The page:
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neocolonial OCP-like company towns: changing the rules (in a good way)
June 10, 2010 7:28 AM   Subscribe

The Politically Incorrect Guide to Ending Poverty In the 1990s, Paul Romer revolutionized economics. In the Aughts, he became rich as a software entrepreneur. Now he's trying to help the poorest countries grow rich—by convincing them to establish foreign-run "charter cities" within their borders. Romer's idea is unconventional, even neo-colonial—the best analogy is Britain's historic lease of Hong Kong. And against all odds, he just might make it happen. (via cc) posted by kliuless (92 comments total) 23 users marked this as a favorite

 
Colonialism, Free Trade, Fair Trade, and Charter Cities: Westerners simply do not have a plan for interacting with the Third World that does not involve economic exploitation. Were we interested in truly helping the poorer countries, we would work to make them more self-sufficient and capable of providing for their own needs, so that they might develop their own economies. Instead we simply find ever more ways of getting them to prostitute themselves to us- their resources, their land, their people, their labor.
posted by Pope Guilty at 7:36 AM on June 10, 2010 [32 favorites]


When the cold war started, The U.S. wanted Japan (which we occupied) to serve as an exemplar for capitalism. Something that would show the world how great capitalism was. And as we all know Japan's economy took off. But the way we did it was to allow the Japanese access to our markets while the Japanese were allowed to deny us access to theirs. What people don't understand is that the U.S. actually made economic sacrifices to help the Japanese economy recover from the war.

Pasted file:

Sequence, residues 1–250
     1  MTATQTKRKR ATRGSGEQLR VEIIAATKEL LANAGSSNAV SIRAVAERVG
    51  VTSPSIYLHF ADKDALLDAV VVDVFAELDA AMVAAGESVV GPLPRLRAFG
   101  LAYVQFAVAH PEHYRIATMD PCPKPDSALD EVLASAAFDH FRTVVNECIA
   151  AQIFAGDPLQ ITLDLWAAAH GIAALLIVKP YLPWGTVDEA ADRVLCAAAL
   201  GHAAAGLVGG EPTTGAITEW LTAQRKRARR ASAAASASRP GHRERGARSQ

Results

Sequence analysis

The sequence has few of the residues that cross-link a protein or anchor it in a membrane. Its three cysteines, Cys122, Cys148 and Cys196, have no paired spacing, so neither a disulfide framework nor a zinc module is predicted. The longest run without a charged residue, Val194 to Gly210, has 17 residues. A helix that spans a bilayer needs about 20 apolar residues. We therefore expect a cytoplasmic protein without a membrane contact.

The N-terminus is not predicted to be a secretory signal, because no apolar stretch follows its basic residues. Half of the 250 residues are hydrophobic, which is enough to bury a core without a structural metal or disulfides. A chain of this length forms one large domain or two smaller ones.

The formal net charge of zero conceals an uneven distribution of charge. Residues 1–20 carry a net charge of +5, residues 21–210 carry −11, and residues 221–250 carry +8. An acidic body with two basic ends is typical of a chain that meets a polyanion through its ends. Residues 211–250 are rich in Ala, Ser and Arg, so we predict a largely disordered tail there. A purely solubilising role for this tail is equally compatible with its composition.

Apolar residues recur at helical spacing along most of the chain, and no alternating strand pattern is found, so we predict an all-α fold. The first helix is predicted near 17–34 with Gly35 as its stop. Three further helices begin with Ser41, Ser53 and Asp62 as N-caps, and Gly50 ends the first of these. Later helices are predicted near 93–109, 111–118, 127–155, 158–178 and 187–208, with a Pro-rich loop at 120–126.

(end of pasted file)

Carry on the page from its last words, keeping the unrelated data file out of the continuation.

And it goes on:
But on the other hand modern "free trade" allows competition both ways, which of course floods their markets with our stuff. Instead of helping those countries grow economically, they just become customers for us.

This charter cities thing. It seems exploitative. But the interesting thing here is that would allow experimentation in government again. If we were going to setup charter cities based on different economic philosophies, we could see how they ended up working out. But I think what we'll see is a bunch of Chicago school bullshit that lets the rich basically make a ton of profit off these places without creating much benefit for the poor.

Of course, the government officials have everything to gain from creating vast wealth for the upper classes in those countries, so I suppose it makes sense from their perspective.
posted by delmoi at 7:43 AM on June 10, 2010 [12 favorites]